Chandigarh: Chandigarh’s grandees may now have to ‘secure’ their security personnel within their sprawling government and private bungalows, with the court cracking down on the public nuisance caused by their bodyguards.
With the Punjab and Haryana High Court setting a 15-day deadline for the Chandigarh administration to come up with a concrete plan to ensure that all such ugly tents are removed from public spaces, people in the city will be able to breathe easy.
“The security tents are a complete nuisance for other residents. While the VIPs live inside their bungalows with high walls, the security personnel sit, sleep, wash clothes and utensils outside. Our families cannot even move around freely in the area,” said Balbir Singh, a Chandigarh resident.
Certain judges of the high court, on their own, recently removed the tents of their security personnel from public land and decided to provide them accommodation within the premises of their official bungalows.
The menace of unauthorised security tents is spread around several sectors of Chandigarh. The tents are pitched on green belts, parks and other public areas.
The city, which is the joint capital of Punjab and Haryana states and the headquarters of the union territory (UT) administration, has scores of VVIPs and VIPs who enjoy police security from respective governments.
Among the Z-plus category protectees in the city are the governors (Shivraj Patil of Punjab and Jagannath Pahadia of Haryana), chief ministers (Parkash Singh Badal and Bhupinder Singh Hooda of Punjab and Haryana respectively), the family of late Punjab chief minister Beant Singh and All India Anti-Terrorist Front leader Maninderjit Singh Bitta.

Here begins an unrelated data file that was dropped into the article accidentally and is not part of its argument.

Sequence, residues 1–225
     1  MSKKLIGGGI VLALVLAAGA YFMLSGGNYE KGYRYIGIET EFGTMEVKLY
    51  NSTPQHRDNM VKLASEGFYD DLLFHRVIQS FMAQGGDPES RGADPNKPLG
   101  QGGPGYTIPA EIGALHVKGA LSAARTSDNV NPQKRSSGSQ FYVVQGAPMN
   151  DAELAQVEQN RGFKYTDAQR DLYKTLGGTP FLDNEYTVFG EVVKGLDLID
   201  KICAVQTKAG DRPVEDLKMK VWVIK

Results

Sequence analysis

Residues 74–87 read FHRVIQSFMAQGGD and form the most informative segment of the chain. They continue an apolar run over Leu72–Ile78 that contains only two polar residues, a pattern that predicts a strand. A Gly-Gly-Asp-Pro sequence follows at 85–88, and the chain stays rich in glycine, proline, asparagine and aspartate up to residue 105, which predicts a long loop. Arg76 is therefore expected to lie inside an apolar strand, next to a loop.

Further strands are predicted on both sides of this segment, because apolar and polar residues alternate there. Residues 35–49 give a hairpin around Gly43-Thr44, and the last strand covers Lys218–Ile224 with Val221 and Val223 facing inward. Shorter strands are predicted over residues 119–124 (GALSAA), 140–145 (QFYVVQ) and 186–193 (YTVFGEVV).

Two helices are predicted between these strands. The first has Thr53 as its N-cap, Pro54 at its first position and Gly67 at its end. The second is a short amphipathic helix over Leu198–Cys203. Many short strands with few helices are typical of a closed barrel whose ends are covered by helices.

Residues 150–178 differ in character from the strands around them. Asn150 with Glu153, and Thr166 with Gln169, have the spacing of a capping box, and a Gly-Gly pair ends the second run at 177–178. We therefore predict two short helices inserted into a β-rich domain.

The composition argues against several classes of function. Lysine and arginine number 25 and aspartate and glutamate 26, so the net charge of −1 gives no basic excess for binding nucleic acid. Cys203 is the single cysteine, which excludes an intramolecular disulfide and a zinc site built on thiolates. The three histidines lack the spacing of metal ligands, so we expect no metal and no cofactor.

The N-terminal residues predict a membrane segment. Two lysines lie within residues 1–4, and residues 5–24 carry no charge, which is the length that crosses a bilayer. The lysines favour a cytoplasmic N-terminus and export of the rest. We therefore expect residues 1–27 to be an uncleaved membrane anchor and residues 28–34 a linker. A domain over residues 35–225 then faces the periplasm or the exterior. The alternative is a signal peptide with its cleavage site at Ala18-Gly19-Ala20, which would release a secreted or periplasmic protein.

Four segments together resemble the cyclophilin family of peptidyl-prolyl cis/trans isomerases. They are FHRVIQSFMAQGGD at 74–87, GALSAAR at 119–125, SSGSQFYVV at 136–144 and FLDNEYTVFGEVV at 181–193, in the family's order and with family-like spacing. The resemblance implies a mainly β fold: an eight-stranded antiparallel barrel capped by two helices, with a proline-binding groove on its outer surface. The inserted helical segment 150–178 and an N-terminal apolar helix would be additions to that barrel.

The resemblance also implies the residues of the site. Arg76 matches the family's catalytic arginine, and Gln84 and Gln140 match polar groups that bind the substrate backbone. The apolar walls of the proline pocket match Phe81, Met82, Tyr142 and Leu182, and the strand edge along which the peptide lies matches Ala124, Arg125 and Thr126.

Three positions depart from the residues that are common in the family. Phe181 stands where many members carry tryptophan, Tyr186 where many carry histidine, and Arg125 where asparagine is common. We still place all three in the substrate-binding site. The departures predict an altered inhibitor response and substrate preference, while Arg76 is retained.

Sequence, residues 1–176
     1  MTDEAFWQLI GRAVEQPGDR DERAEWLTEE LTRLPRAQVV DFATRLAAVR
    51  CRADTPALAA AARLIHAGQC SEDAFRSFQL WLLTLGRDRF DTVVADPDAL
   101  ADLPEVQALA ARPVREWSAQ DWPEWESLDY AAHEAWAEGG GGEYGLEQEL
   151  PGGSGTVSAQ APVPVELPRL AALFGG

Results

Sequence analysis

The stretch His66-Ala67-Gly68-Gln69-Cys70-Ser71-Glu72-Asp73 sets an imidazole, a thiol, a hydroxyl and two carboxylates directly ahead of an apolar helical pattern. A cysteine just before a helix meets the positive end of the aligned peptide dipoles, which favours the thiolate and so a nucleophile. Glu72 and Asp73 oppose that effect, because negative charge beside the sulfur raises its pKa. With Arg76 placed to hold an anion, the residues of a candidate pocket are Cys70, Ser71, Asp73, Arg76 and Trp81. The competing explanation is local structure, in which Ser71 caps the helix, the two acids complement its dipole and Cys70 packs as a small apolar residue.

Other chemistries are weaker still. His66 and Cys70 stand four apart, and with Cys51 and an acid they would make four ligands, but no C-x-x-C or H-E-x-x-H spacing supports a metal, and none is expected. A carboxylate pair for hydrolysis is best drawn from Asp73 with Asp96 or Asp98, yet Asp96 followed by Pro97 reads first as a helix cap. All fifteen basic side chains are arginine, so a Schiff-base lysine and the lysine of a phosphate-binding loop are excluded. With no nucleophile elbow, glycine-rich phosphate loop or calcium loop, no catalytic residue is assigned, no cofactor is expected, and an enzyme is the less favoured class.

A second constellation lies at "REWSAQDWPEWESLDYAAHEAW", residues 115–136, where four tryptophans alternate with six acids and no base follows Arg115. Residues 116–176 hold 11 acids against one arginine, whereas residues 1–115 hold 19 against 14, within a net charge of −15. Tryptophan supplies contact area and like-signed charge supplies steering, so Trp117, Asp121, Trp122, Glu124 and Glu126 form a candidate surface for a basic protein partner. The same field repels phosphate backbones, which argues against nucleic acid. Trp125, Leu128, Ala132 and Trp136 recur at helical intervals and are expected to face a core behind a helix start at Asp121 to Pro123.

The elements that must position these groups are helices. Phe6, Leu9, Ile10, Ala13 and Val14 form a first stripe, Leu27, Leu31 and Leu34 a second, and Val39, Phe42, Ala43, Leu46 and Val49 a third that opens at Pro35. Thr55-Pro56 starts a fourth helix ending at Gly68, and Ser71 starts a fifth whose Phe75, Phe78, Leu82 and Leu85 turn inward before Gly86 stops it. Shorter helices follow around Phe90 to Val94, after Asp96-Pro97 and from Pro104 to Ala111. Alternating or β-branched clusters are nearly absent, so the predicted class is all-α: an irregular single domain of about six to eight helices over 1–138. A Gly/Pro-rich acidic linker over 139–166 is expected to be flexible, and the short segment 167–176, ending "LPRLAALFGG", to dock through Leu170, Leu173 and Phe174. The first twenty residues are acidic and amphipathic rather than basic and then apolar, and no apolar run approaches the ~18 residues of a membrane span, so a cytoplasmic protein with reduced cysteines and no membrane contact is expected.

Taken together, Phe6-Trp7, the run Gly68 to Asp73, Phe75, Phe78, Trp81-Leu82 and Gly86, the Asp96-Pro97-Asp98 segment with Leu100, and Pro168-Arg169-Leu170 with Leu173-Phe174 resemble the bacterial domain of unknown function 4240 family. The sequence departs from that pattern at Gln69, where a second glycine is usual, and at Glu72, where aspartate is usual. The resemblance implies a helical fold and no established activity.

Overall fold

An affidavit submitted by the local authorities before the high court has pointed out that at least 36 unauthorised tents belonged to VVIPs in various sectors. These include eight tents each of Beant Singh’s family and Maninderjit Singh Bitta. Five unauthorized tents belong to the Punjab chief minister.
The administration had earlier proposed that it will write to the Punjab and Haryana governments to ask the respective VVIPs to remove the unauthorised tents, but the high court asked for a time-bound concrete plan.
“Can a chief secretary write to the chief minister asking him to remove the illegal tents (outside the chief minister’s official residence)?” asked Justice R.N. Raina, who is part of the division bench, headed by acting Chief Justice M.M. Kumar, hearing the matter.
A PIL (public interest litigation) was filed in the high court recently to highlight the menace of unauthorised security tents. The violators include top politicians, senior police officers, bureaucrats and senior lawyers.
Many VIPs in the city enjoy state security since the times of terrorism in Punjab (1980-1995). Despite their being no terrorist violence since then, most of the VIPs continue to enjoy the security.